Remedy’s coveted Alan Wake Remastered is only a week away, and the cult classic has never looked better. From brand new textures to enhanced character models, visiting the eerie town of Bright Falls is sure to feel like a new but familiar experience. Thankfully, despite receiving an overhaul, the spruced up supernatural horror’s required PC settings aren’t as unsettling as the game itself.
If you’re planning on switching out the original Alan Wake’s 8GB install for the remastered version, you’ll want to free up around 36GB on your gaming SSD or HDD. While the remaster’s storage requirements are fairly average by today’s standards, the file size jump could catch you out, especially if your storage is dominated by other gaming PC giants, like Call of Duty: Warzone and Red Dead Redemption 2.
It’s safe to say that even if you’re rocking a slightly older rig, you’ll probably be able to run Alan Wake Remastered. Better still, all RTX GPUs have the potential to run the game at 4K resolution and 60fps, thanks to Nvidia DLSS. That said, if you’re still using a GTX graphics card as your daily driver, you’ll still be able to experience this new adventure, albeit with lower settings.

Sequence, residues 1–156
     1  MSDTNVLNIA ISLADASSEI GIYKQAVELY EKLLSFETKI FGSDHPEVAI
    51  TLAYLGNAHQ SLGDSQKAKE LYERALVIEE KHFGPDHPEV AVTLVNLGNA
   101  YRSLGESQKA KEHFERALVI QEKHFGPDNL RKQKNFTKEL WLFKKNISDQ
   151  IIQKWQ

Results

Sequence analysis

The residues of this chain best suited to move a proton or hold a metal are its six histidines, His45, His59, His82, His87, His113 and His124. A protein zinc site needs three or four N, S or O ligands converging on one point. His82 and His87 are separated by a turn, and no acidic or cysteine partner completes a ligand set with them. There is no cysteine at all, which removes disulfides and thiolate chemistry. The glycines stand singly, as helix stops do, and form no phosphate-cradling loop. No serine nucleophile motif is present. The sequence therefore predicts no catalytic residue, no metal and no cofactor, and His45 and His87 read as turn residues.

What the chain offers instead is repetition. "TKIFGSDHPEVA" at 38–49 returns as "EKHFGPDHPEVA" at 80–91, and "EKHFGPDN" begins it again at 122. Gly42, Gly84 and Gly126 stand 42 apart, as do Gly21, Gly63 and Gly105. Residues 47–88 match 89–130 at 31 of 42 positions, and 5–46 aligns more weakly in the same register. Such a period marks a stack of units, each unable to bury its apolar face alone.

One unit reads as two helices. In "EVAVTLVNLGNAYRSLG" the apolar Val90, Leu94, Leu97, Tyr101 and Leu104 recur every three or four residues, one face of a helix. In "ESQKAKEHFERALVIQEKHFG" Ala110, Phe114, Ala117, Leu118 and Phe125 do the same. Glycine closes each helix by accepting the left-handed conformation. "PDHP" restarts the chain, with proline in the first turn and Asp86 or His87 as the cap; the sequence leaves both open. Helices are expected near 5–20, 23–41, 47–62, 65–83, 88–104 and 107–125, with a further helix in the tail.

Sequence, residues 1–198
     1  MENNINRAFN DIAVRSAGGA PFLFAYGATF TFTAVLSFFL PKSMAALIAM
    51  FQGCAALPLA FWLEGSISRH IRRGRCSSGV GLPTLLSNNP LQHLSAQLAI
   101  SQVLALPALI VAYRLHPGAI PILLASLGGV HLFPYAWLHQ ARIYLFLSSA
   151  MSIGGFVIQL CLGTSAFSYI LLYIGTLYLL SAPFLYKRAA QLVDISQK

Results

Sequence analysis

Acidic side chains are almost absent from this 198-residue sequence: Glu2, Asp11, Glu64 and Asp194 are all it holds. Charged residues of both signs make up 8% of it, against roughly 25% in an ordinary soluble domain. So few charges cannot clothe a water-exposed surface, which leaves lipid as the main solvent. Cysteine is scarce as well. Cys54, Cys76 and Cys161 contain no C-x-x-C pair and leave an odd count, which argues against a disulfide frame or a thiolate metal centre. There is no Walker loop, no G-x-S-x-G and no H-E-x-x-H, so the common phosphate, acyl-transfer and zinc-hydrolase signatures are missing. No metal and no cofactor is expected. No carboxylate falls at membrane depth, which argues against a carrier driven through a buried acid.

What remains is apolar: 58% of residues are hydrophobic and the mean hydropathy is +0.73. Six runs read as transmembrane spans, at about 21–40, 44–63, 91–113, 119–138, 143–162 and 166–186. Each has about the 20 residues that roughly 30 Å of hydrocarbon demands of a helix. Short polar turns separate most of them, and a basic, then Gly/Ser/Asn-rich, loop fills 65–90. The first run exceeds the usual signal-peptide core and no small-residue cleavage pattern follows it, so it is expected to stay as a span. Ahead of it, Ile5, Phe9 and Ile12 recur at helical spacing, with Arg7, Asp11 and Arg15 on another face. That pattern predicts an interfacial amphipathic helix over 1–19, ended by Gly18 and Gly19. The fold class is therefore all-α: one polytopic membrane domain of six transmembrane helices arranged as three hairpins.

In addition to the specs listed below, you’ll also need an updated version of Windows 10 and DirectX 12 support.
Alan Wake Remastered comes without ray tracing support, so GTX users won’t have to deal with that kind of fidelity FOMO. Unfortunately, sticking to the game’s minimum and required settings will mean skipping out on Nvidia’s DLSS upscaling, which otherwise aids you in your attempt to boost fps at a respectable resolution.
On the AMD side of things, Alan Wake Remastered can run on an AMD RX 470, but recommends the more recent AMD 5600 XT. The game also doesn’t feature support for FidelityFX Super Resolution, AMD’s answer to DLSS, so Radeon cards will have to handle native resolutions while using traditional settings tweaks to tailor performance.
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Phil Hayton Hardware writer
Published: Sep 28, 2021
Phil is the latest addition to our hardware department, and a retro enthusiast with previous bylines at TechRadar, Den Of Geek, MSPoweruser, Bloody Disgusting, GameByte, Daily Star, and the BBC.